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I wish my grandparents would give me books just on Egypt for my birthday. :( They always get me books on the past with 500 - 600 pages and there's only four pages about the ancient Egyptians. :cry:


Last edited by Ramsekh on Thu Mar 17, 2005 9:42 am, edited 1 time in total.

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PostPosted: Thu Mar 17, 2005 9:10 am 
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If I were him, before my death, I would have told the priests not to do that to me...


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PostPosted: Sat Mar 19, 2005 9:58 am 
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Hmm...

I wonder if tut will ever be put back into his tomb? ...There are a load of greedy scientists who want their names glorified as being the one who discovered something about an overplayed pharaoh.

Also, if he was returned, who's to say he would be safe from another excavation team who wants to steal his body for personal or financial gain?

Perhaps 24 hour ninja guard is in order?


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PostPosted: Sun Dec 04, 2005 1:59 pm 
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I agree, the tomb was sacred. They should just leave it alone. :roll:


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PostPosted: Sat May 13, 2006 4:45 pm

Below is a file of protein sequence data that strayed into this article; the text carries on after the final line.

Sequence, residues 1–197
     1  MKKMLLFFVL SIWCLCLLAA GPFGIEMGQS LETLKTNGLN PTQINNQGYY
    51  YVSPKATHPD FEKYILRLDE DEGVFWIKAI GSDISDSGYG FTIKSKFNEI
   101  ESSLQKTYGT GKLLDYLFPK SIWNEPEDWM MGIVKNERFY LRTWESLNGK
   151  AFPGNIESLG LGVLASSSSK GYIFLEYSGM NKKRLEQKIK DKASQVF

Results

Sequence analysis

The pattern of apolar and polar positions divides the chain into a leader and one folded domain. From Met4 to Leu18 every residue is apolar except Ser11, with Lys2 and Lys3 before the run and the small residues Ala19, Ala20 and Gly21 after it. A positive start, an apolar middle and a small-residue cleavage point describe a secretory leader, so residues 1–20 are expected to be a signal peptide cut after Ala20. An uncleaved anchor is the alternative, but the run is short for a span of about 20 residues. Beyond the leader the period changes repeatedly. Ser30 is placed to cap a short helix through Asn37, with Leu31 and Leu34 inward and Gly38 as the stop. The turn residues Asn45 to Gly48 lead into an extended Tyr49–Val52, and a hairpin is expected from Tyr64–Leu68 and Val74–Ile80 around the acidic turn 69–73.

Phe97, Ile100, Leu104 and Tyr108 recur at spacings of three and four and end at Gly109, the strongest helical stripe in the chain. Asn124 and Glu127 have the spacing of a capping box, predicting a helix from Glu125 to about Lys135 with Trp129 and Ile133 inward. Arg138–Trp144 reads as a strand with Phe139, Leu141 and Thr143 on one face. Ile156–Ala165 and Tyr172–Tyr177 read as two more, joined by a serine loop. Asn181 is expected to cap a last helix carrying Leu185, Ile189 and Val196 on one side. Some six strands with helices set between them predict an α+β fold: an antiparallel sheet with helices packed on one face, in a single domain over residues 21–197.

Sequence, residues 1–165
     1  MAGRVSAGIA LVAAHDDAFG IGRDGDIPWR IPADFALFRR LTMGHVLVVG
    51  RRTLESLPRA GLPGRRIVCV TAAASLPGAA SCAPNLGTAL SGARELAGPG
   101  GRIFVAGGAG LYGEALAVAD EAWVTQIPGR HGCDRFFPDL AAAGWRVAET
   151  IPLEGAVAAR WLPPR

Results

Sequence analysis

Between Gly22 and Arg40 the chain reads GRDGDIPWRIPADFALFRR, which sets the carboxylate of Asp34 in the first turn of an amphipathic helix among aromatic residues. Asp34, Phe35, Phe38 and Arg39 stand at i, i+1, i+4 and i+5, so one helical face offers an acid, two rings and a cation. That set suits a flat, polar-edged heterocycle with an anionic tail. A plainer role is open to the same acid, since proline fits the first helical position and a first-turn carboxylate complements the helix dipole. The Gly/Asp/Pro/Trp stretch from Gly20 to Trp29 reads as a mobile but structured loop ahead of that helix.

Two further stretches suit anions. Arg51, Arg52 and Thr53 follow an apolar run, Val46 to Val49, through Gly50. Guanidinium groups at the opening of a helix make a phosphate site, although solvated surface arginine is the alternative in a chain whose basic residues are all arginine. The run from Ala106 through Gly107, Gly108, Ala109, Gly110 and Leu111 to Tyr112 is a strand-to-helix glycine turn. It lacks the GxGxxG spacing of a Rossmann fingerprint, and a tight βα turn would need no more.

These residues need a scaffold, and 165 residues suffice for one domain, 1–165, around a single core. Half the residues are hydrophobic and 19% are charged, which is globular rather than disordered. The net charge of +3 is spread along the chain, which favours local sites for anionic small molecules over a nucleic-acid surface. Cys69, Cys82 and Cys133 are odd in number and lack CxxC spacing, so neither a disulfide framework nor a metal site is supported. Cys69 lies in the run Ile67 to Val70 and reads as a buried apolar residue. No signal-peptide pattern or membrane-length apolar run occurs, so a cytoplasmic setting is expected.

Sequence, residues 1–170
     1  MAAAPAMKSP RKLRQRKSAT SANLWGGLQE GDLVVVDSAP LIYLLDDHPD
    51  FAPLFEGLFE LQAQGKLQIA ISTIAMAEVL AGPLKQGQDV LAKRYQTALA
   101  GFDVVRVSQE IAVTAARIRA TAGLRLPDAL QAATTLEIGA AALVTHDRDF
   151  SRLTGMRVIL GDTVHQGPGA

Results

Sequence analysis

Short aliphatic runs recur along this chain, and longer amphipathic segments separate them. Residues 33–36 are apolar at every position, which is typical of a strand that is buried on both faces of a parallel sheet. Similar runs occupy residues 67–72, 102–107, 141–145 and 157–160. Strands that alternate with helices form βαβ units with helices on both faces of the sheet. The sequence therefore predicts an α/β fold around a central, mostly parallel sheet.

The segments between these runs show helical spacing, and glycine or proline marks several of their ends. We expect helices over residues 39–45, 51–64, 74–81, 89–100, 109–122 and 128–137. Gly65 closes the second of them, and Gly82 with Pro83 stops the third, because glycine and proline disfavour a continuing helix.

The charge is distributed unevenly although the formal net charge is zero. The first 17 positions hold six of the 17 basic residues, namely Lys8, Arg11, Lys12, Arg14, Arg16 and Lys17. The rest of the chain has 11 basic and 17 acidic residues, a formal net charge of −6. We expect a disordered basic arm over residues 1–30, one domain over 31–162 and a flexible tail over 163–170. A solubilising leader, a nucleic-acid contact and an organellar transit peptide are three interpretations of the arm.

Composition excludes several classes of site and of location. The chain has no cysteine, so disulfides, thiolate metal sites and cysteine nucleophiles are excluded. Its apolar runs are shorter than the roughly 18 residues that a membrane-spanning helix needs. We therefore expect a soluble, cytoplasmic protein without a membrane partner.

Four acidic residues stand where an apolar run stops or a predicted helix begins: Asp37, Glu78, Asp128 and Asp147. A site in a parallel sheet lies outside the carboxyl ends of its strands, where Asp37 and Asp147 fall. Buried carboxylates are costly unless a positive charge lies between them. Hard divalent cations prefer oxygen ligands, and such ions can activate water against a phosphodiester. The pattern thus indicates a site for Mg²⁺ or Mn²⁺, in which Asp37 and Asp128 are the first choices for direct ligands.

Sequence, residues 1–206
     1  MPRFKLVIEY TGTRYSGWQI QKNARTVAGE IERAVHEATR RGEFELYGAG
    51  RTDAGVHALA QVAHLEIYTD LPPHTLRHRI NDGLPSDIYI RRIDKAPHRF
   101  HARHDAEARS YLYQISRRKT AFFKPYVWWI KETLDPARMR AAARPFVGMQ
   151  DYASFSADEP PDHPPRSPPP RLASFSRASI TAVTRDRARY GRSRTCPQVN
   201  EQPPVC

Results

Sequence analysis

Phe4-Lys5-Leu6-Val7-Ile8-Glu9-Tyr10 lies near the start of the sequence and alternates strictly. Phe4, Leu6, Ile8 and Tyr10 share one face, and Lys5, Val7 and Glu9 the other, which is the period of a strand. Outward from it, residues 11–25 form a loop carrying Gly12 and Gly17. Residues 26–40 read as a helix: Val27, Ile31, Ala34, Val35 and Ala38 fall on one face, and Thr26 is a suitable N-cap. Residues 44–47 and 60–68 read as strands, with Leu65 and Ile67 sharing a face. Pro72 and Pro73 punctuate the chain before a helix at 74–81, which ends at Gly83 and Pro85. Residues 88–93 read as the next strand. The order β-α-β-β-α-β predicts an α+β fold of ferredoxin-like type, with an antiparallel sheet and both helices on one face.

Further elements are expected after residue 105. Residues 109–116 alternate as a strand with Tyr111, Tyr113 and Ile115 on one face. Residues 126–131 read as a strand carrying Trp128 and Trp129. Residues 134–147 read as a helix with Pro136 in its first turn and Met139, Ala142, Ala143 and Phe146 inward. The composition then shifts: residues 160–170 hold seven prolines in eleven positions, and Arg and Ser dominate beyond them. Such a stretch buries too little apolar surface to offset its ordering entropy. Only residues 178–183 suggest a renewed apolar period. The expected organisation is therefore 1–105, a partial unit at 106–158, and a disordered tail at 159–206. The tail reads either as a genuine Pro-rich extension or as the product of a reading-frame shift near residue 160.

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Ahlan!!!

I don't think that any other excavation team would take Tut's body from his tomb to put it into another place. It is also a tourist reclaim to know that the mummy is there. Apart from that, did you know the last news? The desappeared penis of Tut has appeared, and it was never lost, it was inside de sand on which Tut's body lays.

Kisses,

EVIE


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PostPosted: Sun May 14, 2006 1:39 am 
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If a small bed of sand could conceal it, then he couldn't have been very well. . . . supplied. :oops:


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PostPosted: Sun Aug 24, 2008 2:16 pm 
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before it was realized that there was a dollar value to the mummies, thousands were burned by the egyptians as fuel for steam trains.


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PostPosted: Mon Aug 25, 2008 2:46 pm 
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They were also ground down for medicine - I wonder if the patients realised they were canibals.


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PostPosted: Tue Feb 10, 2009 3:37 am 
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As Robert Partridge says in his book Faces Of The Pharaohs, even in these days of non-destructive examination of mummies it is probable that the desire to retrieve and display the exceptional objects within the wrappings would have outweighed this policy of preservation in Tutankhamun's case. We could argue that Carter was the 20th century equivalent of ancient robbers who hacked the mummies to pieces in search of valuable treasures, but then again, we should be thankful that it was he who discovered Tutankhamun's tomb and not them.